To conclude with human rights, it is vital to elaborate briefly on the right to humanitarian relief. It is evident that we are dealing with a large-scale international crisis, and so the issue of international solidarity comes into play (See: here). As submitted through the draft of the Human Rights Council’s Special Rapporteur to the UNGA, it is clearly noted therein that in order to tackle global challenges, of which the COVID-19 pandemic qualifies as one, States shall implement a human rights-based approach to international cooperation, in which humanitarian relief is prescribed. The International Law Commission (ILC) addressed the issue of humanitarian relief back in 2016. Emphasis should be concentrated on three main issues here. First, in its Draft Articles on the Protection of Persons in the Event of Disasters, the ILC provided a very broad definition of the term ‘disaster’, which includes epidemics. Article 3(a) of the Draft provides that: ‘disaster means a calamitous event or series of events resulting in widespread loss of   life,  great   human   suffering   and   distress,   mass   displacement,   or   large-scale   material   or   environmental damage, thereby seriously disrupting the functioning of society’. Secondly, it is indeed a duty of the State to seek humanitarian relief from the international community if it is unable to manage the crisis by itself (draft article 11). Further, it is worth mentioning that, in accordance with draft article 15, ‘the affected State shall take the necessary measures, within its national law,  to  facilitate  the prompt and effective provision of external assistance’. Of course, the provision of humanitarian external assistance ‘requires the consent of the affected state’ (draft article 13(1)) but as clearly stated in draft article 13(2): ‘[c]onsent to external assistance shall not be withheld arbitrarily’. And finally, ‘[w]hen external assistance is sought by an affected State by means of a request addressed to another State, the United Nations, or other potential assisting actor, the addressee shall expeditiously give due consideration to the request and inform the affected State of its reply’ (draft article 12(2)).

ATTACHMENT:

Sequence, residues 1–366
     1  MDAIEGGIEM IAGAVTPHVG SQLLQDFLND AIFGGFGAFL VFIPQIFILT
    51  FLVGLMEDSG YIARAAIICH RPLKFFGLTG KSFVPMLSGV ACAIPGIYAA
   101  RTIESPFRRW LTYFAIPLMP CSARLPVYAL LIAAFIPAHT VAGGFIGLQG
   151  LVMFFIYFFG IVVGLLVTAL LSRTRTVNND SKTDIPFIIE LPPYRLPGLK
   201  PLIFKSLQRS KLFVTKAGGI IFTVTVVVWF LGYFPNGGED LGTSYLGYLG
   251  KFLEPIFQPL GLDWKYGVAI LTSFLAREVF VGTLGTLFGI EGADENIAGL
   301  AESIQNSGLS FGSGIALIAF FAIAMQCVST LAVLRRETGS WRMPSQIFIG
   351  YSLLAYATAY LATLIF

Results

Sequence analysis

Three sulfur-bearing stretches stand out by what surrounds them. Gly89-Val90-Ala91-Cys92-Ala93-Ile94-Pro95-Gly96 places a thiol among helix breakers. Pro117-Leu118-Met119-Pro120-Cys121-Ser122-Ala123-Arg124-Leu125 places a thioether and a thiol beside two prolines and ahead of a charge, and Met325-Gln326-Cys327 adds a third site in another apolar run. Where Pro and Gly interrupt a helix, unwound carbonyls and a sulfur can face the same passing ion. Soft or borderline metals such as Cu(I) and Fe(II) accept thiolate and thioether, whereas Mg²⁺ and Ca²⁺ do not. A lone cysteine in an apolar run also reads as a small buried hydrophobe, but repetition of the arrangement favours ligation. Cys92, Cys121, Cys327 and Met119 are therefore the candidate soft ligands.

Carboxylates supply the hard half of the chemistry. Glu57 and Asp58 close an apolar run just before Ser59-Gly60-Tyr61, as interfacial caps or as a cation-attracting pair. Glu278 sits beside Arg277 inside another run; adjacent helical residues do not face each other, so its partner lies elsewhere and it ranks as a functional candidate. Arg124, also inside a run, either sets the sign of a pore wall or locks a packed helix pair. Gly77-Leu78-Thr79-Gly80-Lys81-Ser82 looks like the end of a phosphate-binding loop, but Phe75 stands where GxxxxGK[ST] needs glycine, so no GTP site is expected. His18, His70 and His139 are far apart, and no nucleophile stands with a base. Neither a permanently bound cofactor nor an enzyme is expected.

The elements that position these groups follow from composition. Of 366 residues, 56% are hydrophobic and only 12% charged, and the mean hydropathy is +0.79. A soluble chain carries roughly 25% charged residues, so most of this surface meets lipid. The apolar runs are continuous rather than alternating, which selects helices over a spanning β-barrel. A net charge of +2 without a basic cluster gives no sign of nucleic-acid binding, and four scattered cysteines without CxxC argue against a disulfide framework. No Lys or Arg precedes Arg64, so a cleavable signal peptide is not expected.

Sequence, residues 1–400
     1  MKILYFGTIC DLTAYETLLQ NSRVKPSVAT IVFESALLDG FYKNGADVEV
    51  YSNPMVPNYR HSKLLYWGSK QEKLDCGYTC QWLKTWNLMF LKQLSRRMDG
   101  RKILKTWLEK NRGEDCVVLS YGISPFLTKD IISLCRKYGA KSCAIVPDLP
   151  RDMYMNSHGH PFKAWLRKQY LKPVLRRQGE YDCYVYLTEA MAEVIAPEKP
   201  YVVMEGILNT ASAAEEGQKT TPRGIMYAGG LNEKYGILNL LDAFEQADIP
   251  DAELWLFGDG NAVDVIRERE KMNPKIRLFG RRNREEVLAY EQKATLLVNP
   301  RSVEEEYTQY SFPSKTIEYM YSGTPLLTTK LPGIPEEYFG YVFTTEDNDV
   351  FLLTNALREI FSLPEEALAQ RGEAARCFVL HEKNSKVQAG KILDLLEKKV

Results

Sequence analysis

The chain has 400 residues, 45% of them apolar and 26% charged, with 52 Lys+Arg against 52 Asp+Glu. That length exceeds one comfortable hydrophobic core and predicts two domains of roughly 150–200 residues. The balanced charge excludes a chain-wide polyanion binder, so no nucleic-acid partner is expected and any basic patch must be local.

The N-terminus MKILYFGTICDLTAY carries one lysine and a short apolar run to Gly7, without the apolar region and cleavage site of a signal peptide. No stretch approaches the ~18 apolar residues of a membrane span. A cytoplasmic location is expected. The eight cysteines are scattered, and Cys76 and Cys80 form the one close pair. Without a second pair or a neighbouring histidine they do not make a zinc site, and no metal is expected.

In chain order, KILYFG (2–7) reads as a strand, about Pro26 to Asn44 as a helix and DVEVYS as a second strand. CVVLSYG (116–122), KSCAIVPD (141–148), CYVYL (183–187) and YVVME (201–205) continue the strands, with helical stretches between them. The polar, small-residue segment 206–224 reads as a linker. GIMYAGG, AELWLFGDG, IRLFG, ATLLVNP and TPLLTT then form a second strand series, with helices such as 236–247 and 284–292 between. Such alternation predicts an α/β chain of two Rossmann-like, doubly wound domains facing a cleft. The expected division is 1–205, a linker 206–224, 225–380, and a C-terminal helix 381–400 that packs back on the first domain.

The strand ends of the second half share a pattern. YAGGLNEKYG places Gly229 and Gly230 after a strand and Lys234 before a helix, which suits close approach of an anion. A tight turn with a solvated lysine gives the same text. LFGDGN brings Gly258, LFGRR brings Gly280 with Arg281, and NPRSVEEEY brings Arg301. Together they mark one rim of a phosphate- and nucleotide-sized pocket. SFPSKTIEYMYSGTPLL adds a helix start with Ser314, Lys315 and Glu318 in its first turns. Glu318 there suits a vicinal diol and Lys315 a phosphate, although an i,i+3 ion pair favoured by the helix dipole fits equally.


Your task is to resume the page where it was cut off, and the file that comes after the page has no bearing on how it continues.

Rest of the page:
The third international law area we would like to explore concerning the outbreak of epidemics and pandemics is the possible threat such events create for international peace and security (See: here and here). We have already witnessed that the UN Security Council (UNSC), which was traditionally viewed as concerned mostly with armed conflicts or the threat or use of force, has determined HIV/AIDS or Ebola as threats to international peace and security and has adopted resolutions in response. It is not unimaginable that the UNSC would have COVID-19 and its spread on its agenda in the near future; especially if this disease was to spread at the current pace among the populations of States engaged in armed conflicts which would unfortunately multiply and enlarge the scale of ongoing crises. In total, there are four UNSC resolutions concerned with communicable diseases; two resolutions on HIV/AIDS, and two resolutions on Ebola. In its Resolution 1308 (2000), the UNSC noted that ‘the  HIV/AIDS  pandemic,  if  unchecked,  may  pose  a  risk  to stability and security’. Also, the UNSC, by adopting Resolution 1983 (2011), stressed that ‘HIV poses one of the most formidable challenges to the development, progress and stability of societies and requires an exceptional and comprehensive global response’. Responding to the Ebola epidemic, which spread mainly in Africa, the UNSC adopted Resolution 2177 (2014) in which it specifically noted that the ‘unprecedented extent of the Ebola outbreak in Africa constitutes a threat to international peace and security’, and called upon States to cooperate in tackling it. In another outcome, the UNSC, adopting Resolution 2439 (2018), emphasized three main issues relating to Ebola: first, considering that Ebola had spread in the Democratic Republic of the Congo (DRC), the primary responsibility of managing the disaster was put on the DRC; secondly, the affected State shall promptly notify and inform the international community regarding the situation; and finally, the international community must provide financial and technical assistance to the affected State.

On a final note, we would stress that, as we have already learned from the brief experience in relation to COVID-19, and previous pandemics, it is not farfetched to predict that humanity would face similar crises in the future. The decent course of action in such times is definitely global transparency in providing information and, of course, meaningful and significant international cooperation, the basis of which, as discussed above, already exists under international law.